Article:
INEVITABLE CHELTENHAM HANDICAPPING CONTROVERSY IS SO AVOIDABLE
We’ve been here before. This coming Wednesday will see the weights for the handicaps at the Cheltenham Festival released. As has become tradition, there will be no shortage of controversy, with some connections of Irish-trained horses sure to feel hard done by in the face of seemingly harsh treatment.
With Irish trainers being responsible for a record 340 of the 928 entries in the handicaps, there are sure to be contentious cases in amongst them.
The origins of this annual controversy can be traced back to 15 years ago when the British National Hunt handicapping team started keeping their own ratings for Irish-trained horses. In practice, this has led to the vast majority of Irish-trained horses that have run in British National Hunt handicaps since then being asked to run off higher (often significantly higher) ratings than they hold in Ireland.
A statement from Phil Smith attached to the release of the weights for the handicaps at the Cheltenham Festival in 2017 confirmed that the intention of this action was to slash the success rate of Irish-trained runners from what they called a “disproportionate” strike rate of 18% in 2004/5 down to around 11%.
This strike rate was considered more acceptable to them as it was much closer to the 10% success rate amongst all British-trained runners in British handicaps.
The flaws in the logic that seek to justify artificially reduce the success of Irish-trained handicap raiders down to a similar strike rate achieved by every handicapper in Britain should be obvious. Irish runners in British National Hunt handicaps are a highly-selected group, thus it would be statistically expected for them to significantly outperform the strike rate amongst all the domestic-based runners in British handicaps.
Ultimately, the British handicappers can do whatever they want in their own jurisdiction, but how they treat Irish National Hunt handicappers should be called out for what it clearly is, protectionist handicapping.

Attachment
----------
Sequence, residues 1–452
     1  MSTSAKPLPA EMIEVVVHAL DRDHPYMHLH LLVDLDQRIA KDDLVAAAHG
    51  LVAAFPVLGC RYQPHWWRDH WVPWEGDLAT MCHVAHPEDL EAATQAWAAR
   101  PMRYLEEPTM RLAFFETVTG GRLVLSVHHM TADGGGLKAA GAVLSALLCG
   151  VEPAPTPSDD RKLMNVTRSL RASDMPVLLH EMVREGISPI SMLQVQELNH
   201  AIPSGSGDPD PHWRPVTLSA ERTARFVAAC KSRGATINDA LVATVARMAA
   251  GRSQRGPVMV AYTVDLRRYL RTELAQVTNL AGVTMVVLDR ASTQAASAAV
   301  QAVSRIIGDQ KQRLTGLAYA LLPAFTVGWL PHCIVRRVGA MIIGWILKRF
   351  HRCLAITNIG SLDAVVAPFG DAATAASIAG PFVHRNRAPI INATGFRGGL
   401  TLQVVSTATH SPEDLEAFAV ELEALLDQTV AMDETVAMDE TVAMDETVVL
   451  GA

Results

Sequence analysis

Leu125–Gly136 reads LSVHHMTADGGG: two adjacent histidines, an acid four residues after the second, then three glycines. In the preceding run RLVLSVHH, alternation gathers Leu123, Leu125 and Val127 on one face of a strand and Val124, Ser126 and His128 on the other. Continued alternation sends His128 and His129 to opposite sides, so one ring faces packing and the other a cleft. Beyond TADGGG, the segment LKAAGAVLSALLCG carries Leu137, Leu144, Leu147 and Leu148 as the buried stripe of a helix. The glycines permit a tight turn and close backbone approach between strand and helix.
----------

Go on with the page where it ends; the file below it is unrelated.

The measures they have taken haven’t been enough to stop Irish-trained horses from winning a significant number of handicaps at the Cheltenham Festival in recent years, but a 40% reduction in the strike rate of Irish raiders in British National Hunt handicaps represents a significant impact, the fairness of which is valid to question.
That said, much of what has taken place in the last 15 years as described above was overseen by a different handicapping regime. There has been a great amount of change at the top table of National Hunt handicapping in both Britain and Ireland in the last couple of years due to the retirement of Phil Smith and the untimely death of Noel O’Brien.
The new heads of National Hunt handicapping on both sides of the Irish Sea have given every impression of being fair, reasonable and diligent in all they have done since taking over those roles. One gets the strong impression that the relationship between the British and Irish National Hunt handicappers is a strong one too.
So, surely it is obvious that the solution to all of this annual controversy and conflict is cooperation and consensus between the handicappers in both jurisdictions?
British and Irish National Hunt racing are linked at the hip. It makes no sense for there to be different handicapping rules and methodologies in each country. The two handicapping teams sit down together at the end of every National Hunt season and seemingly have no problems deciding on ratings that they all agree on for the Anglo-Irish Jumps Classifications.
Surely the sensible thing to do is for all concerned to sit around a table, hammer out the differences between them and come up with a common, in-sync approach to day-to-day handicapping.
Agreeing to bring their weight-for-age scales and how they rate chasers that have shown higher levels of form over hurdles (see Dallas Des Pictons) would be a starting point. Most importantly, one can’t help but think that an evidence-based assessment of how Irish-trained horses fare in British handicaps of varying levels and disciplines would allow them to agree on across-the-board adjustments to the Irish National Hunt marks to bring them to a level that the British handicappers would happy to replicate.
This would allow Irish horses to run in Britain off their Irish marks without need for adjustment, which is what currently happens on the Flat without any issues.
The potential for official cooperation and perhaps even a united approach to handicapping between the IHRB and the BHA should be all the greater given the IHRB recently completed a deal that will see the BHA help them to monitor betting patterns in Irish racing.
The organisations are willing to make commercial deals together, the two handicapping teams seem to respect each other and get along well, so what’s the problem? As much as we all enjoy debating the British handicapping of Irish National Hunt raiders every year, it really does seem very unnecessary.
In the meantime, the weights for the Cheltenham Festival handicaps are released on Wednesday and will be analysed in detail in The Flip Side.